According to a new research study, it has been found that people who have major sinus surgery should consult their ENT (ear, nose, throat) doctor before undergoing the COVID-19 swab testing.
The study findings have been published in the journal ‘JAMA Otolaryngology – Head and Neck Surgery’.
Philip G. Chen, MD, study senior author from The University of Texas Health Science Center at San Antonio (UT Health San Antonio) said, those performing swab testing should ask whether the patient has had extensive sinus or skull base surgery.
Dr Chen, associate professor of otolaryngology-head and neck surgery in the university’s Joe R. and Teresa Lozano Long School of Medicine said, “If so, other modes of testing such as at the back of the throat should be performed.”
However, Dr Chen said online information about COVID nasopharyngeal swabs lacks information warning those with prior extensive sinus or skull base surgery.
“Not one site of the 200 we searched online had information cautioning against blind nasopharyngeal swab testing in those with a history of sinus or skull base surgery,” he stated.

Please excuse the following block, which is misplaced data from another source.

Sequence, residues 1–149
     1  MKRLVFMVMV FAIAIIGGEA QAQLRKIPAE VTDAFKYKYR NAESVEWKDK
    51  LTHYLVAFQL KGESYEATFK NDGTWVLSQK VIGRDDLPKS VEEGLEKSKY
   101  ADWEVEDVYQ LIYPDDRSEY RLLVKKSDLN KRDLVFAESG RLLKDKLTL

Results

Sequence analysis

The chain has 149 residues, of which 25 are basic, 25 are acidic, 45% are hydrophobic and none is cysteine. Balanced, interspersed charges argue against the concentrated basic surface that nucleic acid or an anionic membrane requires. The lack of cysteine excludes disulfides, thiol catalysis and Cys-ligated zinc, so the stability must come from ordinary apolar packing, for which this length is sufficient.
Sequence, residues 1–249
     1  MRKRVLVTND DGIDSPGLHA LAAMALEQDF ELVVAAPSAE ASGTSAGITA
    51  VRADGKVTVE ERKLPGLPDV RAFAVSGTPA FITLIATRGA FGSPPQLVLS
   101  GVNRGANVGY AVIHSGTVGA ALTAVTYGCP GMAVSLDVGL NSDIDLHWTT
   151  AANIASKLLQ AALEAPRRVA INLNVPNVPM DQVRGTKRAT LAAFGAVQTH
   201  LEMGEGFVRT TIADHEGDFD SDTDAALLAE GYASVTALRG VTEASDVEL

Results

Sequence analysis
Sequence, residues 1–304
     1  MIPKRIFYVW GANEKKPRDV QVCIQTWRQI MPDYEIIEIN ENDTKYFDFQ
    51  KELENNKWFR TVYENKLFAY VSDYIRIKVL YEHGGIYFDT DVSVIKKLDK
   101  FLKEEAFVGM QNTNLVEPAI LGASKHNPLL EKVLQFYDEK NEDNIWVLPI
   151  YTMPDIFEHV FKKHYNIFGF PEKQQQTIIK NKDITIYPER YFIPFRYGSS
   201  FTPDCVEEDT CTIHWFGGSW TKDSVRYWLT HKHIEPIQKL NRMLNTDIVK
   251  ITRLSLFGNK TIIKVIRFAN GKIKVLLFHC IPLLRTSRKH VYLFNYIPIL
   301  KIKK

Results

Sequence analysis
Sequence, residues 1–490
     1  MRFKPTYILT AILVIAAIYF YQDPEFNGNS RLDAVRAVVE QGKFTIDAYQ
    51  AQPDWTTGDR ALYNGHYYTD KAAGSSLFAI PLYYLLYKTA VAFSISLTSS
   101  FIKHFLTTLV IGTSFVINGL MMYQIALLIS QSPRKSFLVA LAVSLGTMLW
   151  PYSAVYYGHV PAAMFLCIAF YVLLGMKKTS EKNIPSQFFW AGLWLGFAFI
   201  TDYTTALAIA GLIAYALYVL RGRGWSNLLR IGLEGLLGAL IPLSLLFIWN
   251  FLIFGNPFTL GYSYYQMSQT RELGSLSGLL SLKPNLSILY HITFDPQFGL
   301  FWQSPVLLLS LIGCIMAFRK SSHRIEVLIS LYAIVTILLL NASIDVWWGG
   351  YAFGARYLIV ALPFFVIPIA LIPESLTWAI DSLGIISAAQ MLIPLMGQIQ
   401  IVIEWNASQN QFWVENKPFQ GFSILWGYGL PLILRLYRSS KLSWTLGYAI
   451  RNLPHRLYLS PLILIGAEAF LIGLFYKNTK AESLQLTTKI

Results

On asked about how often swabbing is done incorrectly, Dr Chen said, “We really don’t know that. But in a review of videos online by Higgins, et al., the authors found that about half of the videos on how to perform COVID-19 nasopharyngeal swabs were incorrect.”
Issues include incorrect angling of the swab and inappropriate depth of insertion. If the swab angle is too high, a puncture may occur. The sinuses can protect the skull base to a degree, Dr Chen said.
It has reported that injury from incorrect nasopharyngeal swab technique often lead to cerebrospinal fluid leakage or severe bleeding. However, polymerase chain reaction via nasopharyngeal swabs is a test frequently used to detect SARS-CoV-2 infection.